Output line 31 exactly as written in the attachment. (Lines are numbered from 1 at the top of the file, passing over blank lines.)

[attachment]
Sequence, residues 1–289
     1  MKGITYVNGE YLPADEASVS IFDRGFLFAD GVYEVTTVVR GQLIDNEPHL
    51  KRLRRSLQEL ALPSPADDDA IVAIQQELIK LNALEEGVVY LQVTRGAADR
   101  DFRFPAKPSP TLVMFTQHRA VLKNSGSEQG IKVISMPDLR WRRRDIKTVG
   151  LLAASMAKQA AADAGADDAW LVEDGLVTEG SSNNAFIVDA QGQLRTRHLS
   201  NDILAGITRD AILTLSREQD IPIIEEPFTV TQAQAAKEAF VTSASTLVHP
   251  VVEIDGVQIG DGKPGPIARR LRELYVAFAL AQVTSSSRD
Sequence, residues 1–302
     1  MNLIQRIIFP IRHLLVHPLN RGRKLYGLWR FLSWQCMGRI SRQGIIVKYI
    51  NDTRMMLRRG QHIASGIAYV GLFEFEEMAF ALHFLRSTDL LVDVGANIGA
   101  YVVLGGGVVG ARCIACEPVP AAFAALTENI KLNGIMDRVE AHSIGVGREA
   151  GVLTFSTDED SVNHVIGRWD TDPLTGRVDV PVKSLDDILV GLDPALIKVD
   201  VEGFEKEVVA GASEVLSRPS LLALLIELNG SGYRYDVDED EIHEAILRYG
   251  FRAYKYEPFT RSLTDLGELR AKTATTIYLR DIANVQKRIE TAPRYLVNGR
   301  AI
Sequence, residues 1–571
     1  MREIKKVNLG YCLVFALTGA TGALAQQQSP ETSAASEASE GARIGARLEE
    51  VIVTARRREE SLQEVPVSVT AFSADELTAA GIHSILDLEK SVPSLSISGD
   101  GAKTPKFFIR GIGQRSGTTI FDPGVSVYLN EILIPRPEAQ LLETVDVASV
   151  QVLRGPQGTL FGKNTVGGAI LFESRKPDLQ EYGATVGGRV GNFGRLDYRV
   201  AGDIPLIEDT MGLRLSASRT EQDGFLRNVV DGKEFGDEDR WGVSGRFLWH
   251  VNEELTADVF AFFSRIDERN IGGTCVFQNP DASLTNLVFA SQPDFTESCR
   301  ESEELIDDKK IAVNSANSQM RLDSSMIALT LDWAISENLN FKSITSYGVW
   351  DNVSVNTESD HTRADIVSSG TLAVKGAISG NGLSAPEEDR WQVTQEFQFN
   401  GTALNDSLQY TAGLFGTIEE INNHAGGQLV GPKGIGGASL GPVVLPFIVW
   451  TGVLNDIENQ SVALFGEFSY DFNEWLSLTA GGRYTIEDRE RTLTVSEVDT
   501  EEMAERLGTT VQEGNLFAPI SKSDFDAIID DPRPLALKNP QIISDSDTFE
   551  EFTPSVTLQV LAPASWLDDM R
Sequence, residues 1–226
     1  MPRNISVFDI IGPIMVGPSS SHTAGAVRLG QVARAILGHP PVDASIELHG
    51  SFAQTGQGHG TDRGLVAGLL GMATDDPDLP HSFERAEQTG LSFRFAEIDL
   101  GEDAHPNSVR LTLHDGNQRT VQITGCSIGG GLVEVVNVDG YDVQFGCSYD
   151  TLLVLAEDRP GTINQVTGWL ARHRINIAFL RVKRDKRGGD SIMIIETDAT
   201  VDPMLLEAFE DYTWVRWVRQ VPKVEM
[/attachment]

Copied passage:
    51  SFAQTGQGHG TDRGLVAGLL GMATDDPDLP HSFERAEQTG LSFRFAEIDL